Presented at the Neonatal Society 2017 Spring Meeting.
Ali S1, Webbe J1, Duffy JMN2, Modi N1, Gale C1
1 Section of Neonatal Medicine, Imperial College London, Chelsea and Westminster campus, London, UK
2 Balliol College, University of Oxford, Oxford, OX2 6GG, UK
Background: Inconsistent outcome reporting in clinical trials is wasteful, limiting comparability and evidence synthesis (1). In preterm infants, clinical trial interventions have the potential to affect other organ systems in addition to the therapeutic target organ (2); preterm neonatal clinical trial outcomes should reflect this. We hypothesised: a. Trials reported a consistent set of outcomes b. That outcomes reported span the major organ systems We also examined whether trials reported parent or patient involvement in outcomes selection. This work will aid the development of a core outcome set for neonatology.
Methods: Design: Systematic review of randomised trials and cluster randomised trials. Data sources: We searched major bibliographic databases from their June 2011 to June 2016. Study selection and data extraction: All trials including preterm (<37 gestational weeks at birth) neonates (0-28 days) requiring admission to a neonatal intensive care unit or special care baby unit. We systematically extracted and categorised primary and secondary outcomes and outcome measures. Funding: SA was funded through a UROP Fellowship.
Results: We included 119 randomised trials involving 21,824 infants, reported 161 different primary outcomes and 1,210 different secondary outcomes. No studies reported parental involvement in outcome selection. Mortality was reported in 72 (61%) trials.
Major outcome domains were reported as follows: respiratory outcomes in 74 trials (62%), gastrointestinal in 73 trials (60%), cardiovascular in 62 trials (52%), infection in 50 trials (42%), genitourinary in 12 trials (10%) and psychosocial in 12 trials (10%).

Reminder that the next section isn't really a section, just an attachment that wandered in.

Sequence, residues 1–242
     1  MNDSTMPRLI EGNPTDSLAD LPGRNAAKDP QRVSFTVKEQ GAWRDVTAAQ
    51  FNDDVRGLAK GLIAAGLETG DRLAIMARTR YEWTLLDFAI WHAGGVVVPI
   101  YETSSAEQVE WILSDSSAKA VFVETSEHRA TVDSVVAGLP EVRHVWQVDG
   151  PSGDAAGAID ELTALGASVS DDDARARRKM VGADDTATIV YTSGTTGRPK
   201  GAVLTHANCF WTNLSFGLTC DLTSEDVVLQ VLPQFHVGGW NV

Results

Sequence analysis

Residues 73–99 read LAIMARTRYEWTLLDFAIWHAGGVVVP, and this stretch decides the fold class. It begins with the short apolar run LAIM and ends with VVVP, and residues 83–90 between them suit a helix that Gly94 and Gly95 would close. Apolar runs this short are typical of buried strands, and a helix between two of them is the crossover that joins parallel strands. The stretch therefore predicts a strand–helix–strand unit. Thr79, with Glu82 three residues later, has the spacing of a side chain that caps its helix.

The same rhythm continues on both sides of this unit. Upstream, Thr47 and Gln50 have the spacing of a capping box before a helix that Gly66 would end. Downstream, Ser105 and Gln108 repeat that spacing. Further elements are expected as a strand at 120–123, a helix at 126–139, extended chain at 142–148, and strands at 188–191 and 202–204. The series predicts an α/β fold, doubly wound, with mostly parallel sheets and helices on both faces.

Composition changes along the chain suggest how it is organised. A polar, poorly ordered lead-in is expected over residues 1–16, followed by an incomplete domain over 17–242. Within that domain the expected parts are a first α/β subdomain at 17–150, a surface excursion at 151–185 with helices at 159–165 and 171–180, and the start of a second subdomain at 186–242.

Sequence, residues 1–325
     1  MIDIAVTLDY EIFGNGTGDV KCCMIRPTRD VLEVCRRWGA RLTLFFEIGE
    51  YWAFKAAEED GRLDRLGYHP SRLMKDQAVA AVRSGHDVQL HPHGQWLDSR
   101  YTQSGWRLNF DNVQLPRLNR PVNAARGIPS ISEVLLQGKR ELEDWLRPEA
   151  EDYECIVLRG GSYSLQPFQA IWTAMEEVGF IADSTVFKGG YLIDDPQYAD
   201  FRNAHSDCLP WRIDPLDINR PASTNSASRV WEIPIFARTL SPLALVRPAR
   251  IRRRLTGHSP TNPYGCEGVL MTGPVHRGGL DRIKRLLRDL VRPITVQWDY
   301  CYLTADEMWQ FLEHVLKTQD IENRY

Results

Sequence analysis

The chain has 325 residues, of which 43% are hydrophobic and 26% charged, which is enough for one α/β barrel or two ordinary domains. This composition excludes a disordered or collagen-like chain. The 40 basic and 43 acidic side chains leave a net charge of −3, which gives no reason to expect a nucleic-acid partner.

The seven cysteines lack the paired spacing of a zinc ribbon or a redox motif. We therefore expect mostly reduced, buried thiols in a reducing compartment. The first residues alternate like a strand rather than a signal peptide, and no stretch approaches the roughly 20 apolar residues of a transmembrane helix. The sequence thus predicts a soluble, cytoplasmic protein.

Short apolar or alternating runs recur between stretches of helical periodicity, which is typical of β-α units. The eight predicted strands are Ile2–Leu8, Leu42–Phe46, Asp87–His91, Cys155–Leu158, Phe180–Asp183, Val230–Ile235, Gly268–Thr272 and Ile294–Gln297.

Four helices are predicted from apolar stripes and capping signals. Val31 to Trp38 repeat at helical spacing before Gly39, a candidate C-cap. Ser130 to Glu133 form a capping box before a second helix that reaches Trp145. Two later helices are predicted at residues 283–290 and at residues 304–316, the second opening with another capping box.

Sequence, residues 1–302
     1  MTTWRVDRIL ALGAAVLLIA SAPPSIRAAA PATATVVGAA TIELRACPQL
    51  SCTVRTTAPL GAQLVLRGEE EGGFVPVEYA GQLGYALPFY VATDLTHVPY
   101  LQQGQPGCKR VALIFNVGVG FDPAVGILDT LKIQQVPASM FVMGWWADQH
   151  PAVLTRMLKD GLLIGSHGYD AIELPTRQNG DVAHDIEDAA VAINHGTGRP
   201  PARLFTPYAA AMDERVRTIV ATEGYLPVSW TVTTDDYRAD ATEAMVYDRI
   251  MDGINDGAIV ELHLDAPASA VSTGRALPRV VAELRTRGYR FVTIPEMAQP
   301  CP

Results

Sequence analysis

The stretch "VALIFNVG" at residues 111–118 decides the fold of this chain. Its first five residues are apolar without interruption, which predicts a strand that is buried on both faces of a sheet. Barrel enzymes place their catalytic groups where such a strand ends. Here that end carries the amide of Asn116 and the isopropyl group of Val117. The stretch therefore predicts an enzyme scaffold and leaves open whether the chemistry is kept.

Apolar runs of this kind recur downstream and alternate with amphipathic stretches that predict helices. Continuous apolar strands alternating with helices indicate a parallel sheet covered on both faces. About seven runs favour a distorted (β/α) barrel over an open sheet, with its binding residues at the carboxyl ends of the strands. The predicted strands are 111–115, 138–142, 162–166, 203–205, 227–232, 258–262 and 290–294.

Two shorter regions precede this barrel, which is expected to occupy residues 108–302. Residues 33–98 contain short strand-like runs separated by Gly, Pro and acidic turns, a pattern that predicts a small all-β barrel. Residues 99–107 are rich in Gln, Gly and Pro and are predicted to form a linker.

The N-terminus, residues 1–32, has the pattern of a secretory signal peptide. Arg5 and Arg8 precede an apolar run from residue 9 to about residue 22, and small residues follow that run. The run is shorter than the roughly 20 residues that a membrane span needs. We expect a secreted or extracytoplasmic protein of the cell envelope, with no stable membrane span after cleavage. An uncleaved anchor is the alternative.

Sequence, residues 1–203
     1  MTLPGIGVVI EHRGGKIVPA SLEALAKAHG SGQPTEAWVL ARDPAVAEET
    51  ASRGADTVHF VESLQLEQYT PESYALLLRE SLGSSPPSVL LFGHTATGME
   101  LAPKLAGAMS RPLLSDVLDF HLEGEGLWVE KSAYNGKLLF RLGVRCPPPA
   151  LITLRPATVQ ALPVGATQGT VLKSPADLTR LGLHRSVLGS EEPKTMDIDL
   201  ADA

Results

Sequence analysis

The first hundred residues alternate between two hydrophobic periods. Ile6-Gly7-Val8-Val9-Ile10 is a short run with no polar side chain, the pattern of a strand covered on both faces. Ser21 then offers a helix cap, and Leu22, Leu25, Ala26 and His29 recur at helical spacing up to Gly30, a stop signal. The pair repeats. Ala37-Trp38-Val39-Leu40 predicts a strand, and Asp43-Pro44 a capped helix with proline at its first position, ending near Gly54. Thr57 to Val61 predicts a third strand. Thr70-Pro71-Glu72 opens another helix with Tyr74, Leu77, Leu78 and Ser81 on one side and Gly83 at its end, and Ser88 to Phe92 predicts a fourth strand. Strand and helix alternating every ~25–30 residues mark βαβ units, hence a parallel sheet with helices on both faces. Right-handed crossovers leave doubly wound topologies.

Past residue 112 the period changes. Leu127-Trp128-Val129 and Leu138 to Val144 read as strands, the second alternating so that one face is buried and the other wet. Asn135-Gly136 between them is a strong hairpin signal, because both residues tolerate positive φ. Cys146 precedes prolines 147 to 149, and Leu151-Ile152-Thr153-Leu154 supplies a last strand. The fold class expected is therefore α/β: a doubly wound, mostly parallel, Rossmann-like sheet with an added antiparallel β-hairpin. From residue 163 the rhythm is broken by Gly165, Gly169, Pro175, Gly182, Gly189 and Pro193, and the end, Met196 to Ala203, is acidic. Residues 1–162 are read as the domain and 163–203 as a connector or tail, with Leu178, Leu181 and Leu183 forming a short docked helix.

Commonly reported secondary outcomes included: chronic lung disease (CLD) in 55 trials (45%), necrotising enterocolitis in 54 trials (45%), intraventricular haemorrhage in 46 trials (39%), sepsis in 46 trials (39%), patent ductus arteriosus in 44 trials (36%) and retinopathy of prematurity in 44 trials (37%). Among these common secondary outcomes there was variation in outcome measures used: CLD was reported using 7 different outcome measures. Neurodevelopmental outcomes after discharge were reported by 21 trials (18%); 17 different tools were used.
Conclusion: Outcome reporting in preterm neonatal trials is inconsistent. Trials do not consistently report outcomes across key organ systems and only a minority report development after discharge. Where outcomes are commonly reported, there is inconsistency outcome measures. There is no evidence of parent involvement in outcome selection. Developing and implementing a neonatal core outcome set will address these issues.
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1. Glasziou P, et al., Reducing waste from incomplete or unusable reports of biomedical research. Lancet. 2014 January 8;383(9913):267-76
2. Doyle LW, Et al., Early (<8 days) postnatal corticosteroids for preventing chronic lung disease in preterm infants. Cochrane Database Sys Rev. 2014 May 13;(5)